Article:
The dialogue of Sanskrit drama consists of both verse and prose.  Within a single, unified speech, a character may slip out of prose and into verse and back into prose several times.  Dense with figurative speech and imagery, the verses demonstrate the playwright’s poetic skill.  Because the the verse in his play Shakuntala, the playwright Kalidasa, for instance, is, perhaps, regarded in India more as a poet than as a dramatist.

Besides the dramatic literature that survive from the period, the tradition of Sanskrit theatre gives us some practical information about play performance and also a theory about how we experience theatre.

The Natyashastra, an encyclopedic volume dating from between the first and fourth centuries, CE, touches on almost every practical aspect of theatrical art, and it speculates in a theoretical-philosophical way about how theatre affects an audience.  The concept it dubs rasa is still essential to Indian aesthetics.

The following unit examines the work of the best-known Sanskrit playwrights, provides an overview of some representative portions of the Natyashastra, and offers an approach to the complex idea that is rasa.

The Sanskrit Prologue

In production, performances were preceded by elaborate preliminary rituals, collectively known as purvaranga.  The one element of these rites commonly documented by the play scripts themselves is the nandi, a kind of opening prayer consisting of several lines of verse that acknowledge divine authority over the space and time of the production.  Most often, Shiva is the subject of the nandi.  The first piece of text in most Sanskrit plays, then, is the nandi.

What generally follows the nandi is a dramatic prologue, involving a short conversation between the production’s director and an actor or other member of the performing troupe.  These brief conversations serve to introduce the title and author of the play, and may also preview the major themes of the play to follow.  Bhasa’s prologues tend to be very brief and formulaic.  As an example, the prologue of his play Karnabharam consists entirely of the following:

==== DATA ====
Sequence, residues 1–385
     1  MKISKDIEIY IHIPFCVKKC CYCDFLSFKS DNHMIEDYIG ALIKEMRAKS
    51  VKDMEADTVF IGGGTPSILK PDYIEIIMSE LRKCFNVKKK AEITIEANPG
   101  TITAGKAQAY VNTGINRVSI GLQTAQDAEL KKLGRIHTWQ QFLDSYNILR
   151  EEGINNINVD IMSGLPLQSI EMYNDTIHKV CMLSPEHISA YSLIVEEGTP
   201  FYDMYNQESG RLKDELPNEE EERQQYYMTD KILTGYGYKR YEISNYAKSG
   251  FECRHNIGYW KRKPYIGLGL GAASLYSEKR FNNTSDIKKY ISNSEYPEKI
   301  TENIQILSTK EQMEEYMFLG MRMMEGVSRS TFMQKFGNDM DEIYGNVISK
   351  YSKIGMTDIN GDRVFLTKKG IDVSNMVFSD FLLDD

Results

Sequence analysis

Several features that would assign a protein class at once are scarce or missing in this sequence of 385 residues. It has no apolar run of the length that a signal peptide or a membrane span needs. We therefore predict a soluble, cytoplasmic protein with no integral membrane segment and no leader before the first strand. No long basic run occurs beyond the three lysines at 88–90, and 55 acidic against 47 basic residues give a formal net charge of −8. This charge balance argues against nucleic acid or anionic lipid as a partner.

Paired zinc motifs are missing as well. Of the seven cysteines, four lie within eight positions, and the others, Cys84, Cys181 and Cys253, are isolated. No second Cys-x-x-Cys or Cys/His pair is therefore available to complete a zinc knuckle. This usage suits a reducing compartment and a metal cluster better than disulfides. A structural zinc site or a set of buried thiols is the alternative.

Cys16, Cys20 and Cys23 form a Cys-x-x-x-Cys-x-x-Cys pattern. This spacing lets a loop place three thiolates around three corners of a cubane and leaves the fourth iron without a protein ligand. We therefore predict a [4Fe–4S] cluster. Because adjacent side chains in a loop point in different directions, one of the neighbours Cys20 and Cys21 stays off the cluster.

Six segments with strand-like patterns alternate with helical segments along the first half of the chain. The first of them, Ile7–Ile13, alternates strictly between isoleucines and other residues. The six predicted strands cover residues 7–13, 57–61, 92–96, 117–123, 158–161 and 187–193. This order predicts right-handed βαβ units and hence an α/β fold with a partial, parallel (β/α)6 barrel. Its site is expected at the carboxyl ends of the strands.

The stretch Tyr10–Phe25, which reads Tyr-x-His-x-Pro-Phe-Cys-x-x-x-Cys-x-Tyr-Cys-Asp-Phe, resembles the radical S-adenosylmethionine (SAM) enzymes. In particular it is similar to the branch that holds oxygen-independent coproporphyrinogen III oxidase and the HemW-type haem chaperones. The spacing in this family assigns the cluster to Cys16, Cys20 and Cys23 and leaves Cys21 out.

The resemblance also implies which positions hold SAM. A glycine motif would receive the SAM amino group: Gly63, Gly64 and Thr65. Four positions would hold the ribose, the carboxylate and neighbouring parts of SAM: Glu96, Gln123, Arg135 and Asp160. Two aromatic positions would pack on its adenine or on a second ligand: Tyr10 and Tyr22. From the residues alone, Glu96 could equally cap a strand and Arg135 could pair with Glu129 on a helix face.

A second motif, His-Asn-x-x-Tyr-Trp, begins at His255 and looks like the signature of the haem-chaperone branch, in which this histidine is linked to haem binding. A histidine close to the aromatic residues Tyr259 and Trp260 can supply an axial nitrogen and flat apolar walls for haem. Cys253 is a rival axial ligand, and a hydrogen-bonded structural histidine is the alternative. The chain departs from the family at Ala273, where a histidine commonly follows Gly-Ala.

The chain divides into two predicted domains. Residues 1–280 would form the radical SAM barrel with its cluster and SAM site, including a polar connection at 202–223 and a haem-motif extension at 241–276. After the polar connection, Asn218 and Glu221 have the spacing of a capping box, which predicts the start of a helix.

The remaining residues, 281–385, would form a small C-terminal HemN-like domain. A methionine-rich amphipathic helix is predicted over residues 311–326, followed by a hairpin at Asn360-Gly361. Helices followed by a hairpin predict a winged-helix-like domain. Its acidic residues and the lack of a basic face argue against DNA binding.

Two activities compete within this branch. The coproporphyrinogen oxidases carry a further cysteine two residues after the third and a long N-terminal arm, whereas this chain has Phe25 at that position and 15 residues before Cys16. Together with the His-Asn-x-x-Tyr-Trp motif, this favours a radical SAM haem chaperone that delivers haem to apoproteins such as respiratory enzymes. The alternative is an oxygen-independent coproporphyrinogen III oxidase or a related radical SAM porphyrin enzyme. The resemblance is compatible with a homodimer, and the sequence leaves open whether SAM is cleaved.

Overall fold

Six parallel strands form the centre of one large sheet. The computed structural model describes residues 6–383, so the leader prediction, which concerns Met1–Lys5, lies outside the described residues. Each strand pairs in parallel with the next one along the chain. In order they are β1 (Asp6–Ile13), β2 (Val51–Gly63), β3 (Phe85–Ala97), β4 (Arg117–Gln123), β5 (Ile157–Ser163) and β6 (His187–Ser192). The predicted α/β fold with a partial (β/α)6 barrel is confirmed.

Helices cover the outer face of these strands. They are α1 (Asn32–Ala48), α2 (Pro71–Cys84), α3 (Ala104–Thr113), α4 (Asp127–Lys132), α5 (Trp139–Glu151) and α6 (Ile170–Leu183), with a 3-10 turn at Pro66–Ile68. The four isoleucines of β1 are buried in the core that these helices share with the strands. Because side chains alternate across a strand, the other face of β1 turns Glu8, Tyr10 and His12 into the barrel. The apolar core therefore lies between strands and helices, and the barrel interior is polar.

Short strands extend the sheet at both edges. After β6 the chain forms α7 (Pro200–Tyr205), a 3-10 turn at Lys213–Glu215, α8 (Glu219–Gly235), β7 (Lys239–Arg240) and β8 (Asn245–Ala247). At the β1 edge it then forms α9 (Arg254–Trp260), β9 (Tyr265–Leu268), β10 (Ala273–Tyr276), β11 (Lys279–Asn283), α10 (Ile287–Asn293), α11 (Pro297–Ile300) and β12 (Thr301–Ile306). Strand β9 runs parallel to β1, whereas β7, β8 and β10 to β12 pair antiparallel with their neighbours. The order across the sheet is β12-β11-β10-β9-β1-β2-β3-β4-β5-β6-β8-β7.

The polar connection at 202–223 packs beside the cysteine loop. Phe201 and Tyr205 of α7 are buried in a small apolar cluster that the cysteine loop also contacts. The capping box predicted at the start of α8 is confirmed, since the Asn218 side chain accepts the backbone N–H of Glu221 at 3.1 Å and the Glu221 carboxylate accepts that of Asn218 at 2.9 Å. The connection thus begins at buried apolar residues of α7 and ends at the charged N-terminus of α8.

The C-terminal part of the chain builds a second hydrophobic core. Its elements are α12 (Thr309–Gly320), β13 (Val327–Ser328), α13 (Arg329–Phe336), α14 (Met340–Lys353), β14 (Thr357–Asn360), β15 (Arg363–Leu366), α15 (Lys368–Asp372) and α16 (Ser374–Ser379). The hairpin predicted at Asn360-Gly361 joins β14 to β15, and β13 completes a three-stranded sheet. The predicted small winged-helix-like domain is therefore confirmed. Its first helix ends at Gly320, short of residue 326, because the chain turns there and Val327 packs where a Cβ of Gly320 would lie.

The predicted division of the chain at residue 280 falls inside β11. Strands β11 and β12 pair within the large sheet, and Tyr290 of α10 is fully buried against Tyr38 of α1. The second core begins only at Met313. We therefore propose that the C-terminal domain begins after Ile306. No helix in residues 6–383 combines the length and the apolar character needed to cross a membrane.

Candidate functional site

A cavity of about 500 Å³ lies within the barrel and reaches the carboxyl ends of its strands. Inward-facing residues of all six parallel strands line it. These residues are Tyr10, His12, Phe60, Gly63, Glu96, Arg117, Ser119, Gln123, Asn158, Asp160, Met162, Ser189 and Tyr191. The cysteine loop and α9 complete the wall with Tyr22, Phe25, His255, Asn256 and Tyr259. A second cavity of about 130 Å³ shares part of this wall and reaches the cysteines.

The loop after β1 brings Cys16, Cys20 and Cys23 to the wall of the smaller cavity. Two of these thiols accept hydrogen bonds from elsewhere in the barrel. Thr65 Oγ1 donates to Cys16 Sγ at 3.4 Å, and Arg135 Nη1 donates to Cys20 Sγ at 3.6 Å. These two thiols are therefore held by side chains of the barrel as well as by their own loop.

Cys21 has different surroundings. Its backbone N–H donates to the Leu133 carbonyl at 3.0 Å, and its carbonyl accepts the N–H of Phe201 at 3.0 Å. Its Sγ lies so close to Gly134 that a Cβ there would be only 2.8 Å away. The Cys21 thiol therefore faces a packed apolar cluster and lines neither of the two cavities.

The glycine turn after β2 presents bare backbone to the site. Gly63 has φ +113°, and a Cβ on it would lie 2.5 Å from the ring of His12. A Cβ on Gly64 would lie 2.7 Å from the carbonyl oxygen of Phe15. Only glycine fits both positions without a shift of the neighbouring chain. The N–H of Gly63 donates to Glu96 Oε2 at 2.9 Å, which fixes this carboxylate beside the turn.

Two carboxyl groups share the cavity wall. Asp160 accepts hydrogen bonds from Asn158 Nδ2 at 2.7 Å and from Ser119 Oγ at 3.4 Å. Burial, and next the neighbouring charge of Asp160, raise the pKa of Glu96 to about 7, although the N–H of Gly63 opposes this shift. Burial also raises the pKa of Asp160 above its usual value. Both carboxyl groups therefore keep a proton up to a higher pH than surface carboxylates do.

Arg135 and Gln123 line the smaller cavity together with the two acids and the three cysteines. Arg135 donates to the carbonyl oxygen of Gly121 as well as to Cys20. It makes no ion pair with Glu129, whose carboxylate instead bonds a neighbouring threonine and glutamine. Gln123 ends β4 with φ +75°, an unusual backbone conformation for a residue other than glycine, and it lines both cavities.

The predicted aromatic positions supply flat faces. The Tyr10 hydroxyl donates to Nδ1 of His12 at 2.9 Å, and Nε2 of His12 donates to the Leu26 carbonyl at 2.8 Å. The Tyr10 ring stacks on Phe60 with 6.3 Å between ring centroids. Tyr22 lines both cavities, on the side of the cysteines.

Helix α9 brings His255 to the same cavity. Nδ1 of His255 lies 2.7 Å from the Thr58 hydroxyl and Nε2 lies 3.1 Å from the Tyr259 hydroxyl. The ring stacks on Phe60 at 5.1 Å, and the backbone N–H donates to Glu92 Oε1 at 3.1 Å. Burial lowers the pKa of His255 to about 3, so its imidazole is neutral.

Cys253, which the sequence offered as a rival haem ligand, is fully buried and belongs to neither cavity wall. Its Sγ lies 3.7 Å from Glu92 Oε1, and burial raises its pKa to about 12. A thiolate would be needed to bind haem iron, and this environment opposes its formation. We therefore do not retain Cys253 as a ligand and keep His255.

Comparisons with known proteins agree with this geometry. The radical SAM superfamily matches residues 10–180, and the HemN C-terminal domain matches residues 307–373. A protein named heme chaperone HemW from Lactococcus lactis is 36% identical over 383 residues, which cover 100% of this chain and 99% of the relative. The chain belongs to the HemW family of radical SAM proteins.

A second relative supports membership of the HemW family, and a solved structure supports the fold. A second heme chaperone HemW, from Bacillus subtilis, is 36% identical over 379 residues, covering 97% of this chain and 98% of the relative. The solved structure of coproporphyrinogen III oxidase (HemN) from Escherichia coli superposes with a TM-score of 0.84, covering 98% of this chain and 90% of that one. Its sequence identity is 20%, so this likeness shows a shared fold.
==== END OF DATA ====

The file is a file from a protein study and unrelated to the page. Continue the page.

Stage-manager. With these words, my lords and gentlemen, I have to announce to you—But what is that?  I thought I heard a noise just as I was to make my anouncement.  Well, I must see what it is.

(Voice behind the scene.) Ho there, take word to his Highness the King of the Angas.

Stage-manager.  Good, I understand.  A flurried servitor with folded hands brings word to Karna at Duryodhana’s behest that the battle grows tumultuous. (Exit.)

(translation by A. C. Woolner and Lakshman Sarup)

The prologues of Kalidasa, on the other hand, tend to be more elaborate and thematic.  In the prologue to Shakuntala, the director calls an actress to the stage to sing an introductory song for the performance.  The song is so lovely that by the time the actress has finished, the director has forgotten what play the troupe is to present.  The prologue here previews the themes of (weak) memory and reminders that move the play.

As a device, the prologue of Sanskrit dramas provides an interface between the audience and the play.  In the brief prologue from Bhasa’s Karnabharam included above, the ‘stage-manager’ speaks directly to the assembled audience and, then, hears Duryodhana’s messenger speaking from an area behind the stage.  For the stage-manager whose company is producing the performance, the audience to whom the stage-manager speaks is a real audience.  For the ‘stage-manager’ who is a character in Bhasa’s play, Duryodhana’s messenger is real.  The stage-manager, then, occupies a space in between the world of the audience and the world of the play, and he brings the two world’s together in the way he interacts with audience and play.

We might say that the stage-manager in the prologues of Sanskrit dramas serves to facilitate the audience’s transition from their real world into the pretend world of the performance.  Perhaps, the stage-manager helps audiences ‘suspend their disbelief’, so as to engage more fully with the world of the play.

However, such a superficial reading of the prologues and of the stage-manager ignores the fundamentally theatrical worldview that pervades India, as articulated in the Bhagavad Gita.


Further Reading

Miller, Barbara Stoller, ed. Theatre of Memory: The Plays of Kalidasa. New York: Columbia University Press, 1984.